Additional authentication filters

Additional authentication filters, including attribute authentication, SAML PDP, and CA SOA Security Manager.

13 minute read

Attribute authentication filter

In cases when user credentials are passed to the API Gateway in a non-standard way, the credentials can be copied into API Gateway message attributes, and authenticated against a specified authentication repository (for example, API Gateway user store, LDAP directory, or database) using an Attribute Authentication filter. For example, assume user credentials are passed to API Gateway in the following XML message:

<s:Envelope xmlns:s="http://schemas.xmlsoap.org/soap/envelope/">
  <s:Body>
    <ns:User xmlns:ns="http://www.user.com">
      <ns:Username>1</ns:Username>
      <ns:Password>2</ns:Password>
    </ns:User>
  </s:Body>
</s:Envelope>

In this example, the standard methods of passing credentials (for example, HTTP basic or digest authentication, SAML assertions, and WS-Security Username tokens) are bypassed, and the client sends the user name and password as parameters in a simple SOAP message.

When the API Gateway receives this message, it can extract the value of the <Username> and <Password> elements using an XPath expression configured in the Retrieve from Message filter. This filter uses an XPath expression to retrieve the value of an element or attribute, and can then store this value in the specified message attribute.

You can configure an instance of this filter to retrieve the value of the <Username> attribute, and store it in the authentication.subject.id message attribute. Similarly, you can configure another filter to retrieve the value of the <Password>, and store it in the authentication.subject.password message attribute.

The Attribute Authentication filter can then use the user name and password values stored in these message attributes to authenticate the user against the specified authentication repository.

Complete the following fields to configure this filter:

Name: Enter an appropriate name for this filter to display in a policy.

Username: Specify the API Gateway message attribute that contains the user name of the user to be authenticated. The default attribute is the authentication.subject.id attribute, which is typically used to store a user name.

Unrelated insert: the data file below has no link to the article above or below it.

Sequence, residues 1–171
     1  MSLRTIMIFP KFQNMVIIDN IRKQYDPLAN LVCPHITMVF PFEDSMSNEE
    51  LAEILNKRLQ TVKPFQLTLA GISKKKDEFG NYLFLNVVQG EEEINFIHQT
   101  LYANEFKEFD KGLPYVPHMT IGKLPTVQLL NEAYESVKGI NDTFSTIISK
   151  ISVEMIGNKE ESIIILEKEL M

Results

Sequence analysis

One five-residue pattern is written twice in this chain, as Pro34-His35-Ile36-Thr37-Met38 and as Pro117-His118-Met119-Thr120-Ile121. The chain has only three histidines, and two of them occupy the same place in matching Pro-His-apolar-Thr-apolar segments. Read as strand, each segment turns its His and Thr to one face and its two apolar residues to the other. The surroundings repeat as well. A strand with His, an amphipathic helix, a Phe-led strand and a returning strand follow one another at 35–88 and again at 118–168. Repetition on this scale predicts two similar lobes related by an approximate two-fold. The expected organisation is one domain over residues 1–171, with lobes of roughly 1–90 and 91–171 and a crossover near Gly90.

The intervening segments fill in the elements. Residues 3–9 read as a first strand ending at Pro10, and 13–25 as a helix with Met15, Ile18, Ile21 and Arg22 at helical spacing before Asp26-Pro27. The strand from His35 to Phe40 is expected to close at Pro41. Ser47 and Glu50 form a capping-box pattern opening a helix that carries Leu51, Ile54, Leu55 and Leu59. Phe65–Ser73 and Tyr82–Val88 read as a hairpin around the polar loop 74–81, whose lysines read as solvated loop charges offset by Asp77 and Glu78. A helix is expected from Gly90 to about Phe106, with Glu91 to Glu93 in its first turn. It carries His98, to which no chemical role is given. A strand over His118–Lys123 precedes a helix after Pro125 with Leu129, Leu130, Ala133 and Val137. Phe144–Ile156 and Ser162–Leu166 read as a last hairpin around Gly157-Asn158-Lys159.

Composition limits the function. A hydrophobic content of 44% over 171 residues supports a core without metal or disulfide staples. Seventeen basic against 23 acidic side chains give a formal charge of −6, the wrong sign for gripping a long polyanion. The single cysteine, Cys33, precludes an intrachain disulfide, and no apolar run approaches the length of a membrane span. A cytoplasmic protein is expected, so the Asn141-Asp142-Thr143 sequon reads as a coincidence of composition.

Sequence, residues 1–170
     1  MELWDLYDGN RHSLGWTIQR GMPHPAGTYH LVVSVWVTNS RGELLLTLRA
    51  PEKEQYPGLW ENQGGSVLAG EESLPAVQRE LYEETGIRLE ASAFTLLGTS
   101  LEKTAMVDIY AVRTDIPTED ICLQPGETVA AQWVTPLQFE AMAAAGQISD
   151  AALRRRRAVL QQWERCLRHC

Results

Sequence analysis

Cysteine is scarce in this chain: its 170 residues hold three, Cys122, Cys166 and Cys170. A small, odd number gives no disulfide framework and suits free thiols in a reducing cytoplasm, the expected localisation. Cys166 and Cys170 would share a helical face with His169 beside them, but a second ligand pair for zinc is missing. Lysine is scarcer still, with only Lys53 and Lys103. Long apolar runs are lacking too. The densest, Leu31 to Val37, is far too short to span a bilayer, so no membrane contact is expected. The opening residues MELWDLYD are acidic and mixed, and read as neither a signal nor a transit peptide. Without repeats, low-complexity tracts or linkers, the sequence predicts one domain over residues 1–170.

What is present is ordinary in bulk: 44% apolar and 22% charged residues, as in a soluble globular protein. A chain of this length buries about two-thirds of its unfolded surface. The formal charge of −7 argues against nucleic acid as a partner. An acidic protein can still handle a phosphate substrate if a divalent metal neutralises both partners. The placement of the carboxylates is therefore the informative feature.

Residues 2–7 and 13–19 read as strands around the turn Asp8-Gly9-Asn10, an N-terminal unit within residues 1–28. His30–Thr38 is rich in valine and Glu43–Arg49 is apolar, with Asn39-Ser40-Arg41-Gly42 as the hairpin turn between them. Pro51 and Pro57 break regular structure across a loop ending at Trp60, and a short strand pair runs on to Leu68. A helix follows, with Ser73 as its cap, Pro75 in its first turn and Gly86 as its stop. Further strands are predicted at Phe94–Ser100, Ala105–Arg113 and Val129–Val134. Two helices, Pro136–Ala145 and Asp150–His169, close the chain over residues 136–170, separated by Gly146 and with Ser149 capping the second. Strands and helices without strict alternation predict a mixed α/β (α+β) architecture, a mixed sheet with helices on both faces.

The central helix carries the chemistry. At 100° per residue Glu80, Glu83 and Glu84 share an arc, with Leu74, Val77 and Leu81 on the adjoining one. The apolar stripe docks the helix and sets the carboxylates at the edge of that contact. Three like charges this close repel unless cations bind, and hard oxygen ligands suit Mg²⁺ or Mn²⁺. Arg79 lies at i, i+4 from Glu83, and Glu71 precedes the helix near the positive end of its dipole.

Password: Enter the API Gateway message attribute that contains the password of the user to authenticate. The default message attribute is authentication.subject.password, which typically stores a password.

Credential Format: Select the format of the credential stored in the API Gateway message attribute specified in the Username field above. By default, User Name is selected.

Repository Name: Select an existing repository to authenticate the user against from the list. Alternatively, you can configure a new authentication repository by clicking the Add button.

Insert timestamp filter

In any secure communications protocol, it is crucial that secured messages do not have an indefinite life span. In secure web services transactions, a WS-Utility (WSU) timestamp can be inserted into a WS-Security Header to define the lifetime of the message in which it is placed. A message containing an expired timestamp should be rejected immediately by any web service that consumes the message.

Typically, the timestamp contains Created and Expires times, which combine to define the lifetime of the timestamp. The following shows an example wsu:Timestamp:

<wsu:Timestamp xmlns:wsu="http://schemas.xmlsoap.org/ws/2002/07/utility">
  <wsu:Created>2009-03-16T16:32:22Z</wsu:Created>
  <wsu:Expires>2009-03-16T16:42:22Z</wsu:Expires>
</wsu:Timestamp>

Because the WS-Utility timestamp is inserted into the WS-Security header block, it is also referred to as a WSS timestamp. For example, see Extract WSS timestamp.

Complete the following fields to configure the API Gateway to insert a timestamp into the message:

Name: Enter an intuitive name for the filter to display in a policy.

Actor: The timestamp is inserted into the WS-Security header identified by the SOAP Actor selected here.

Expires In: Configure the lifetime of the timestamp (and hence the message into which the timestamp is inserted) by specifying the expiry time of the assertion. The expiry time is expressed in days, hours, minutes, and seconds.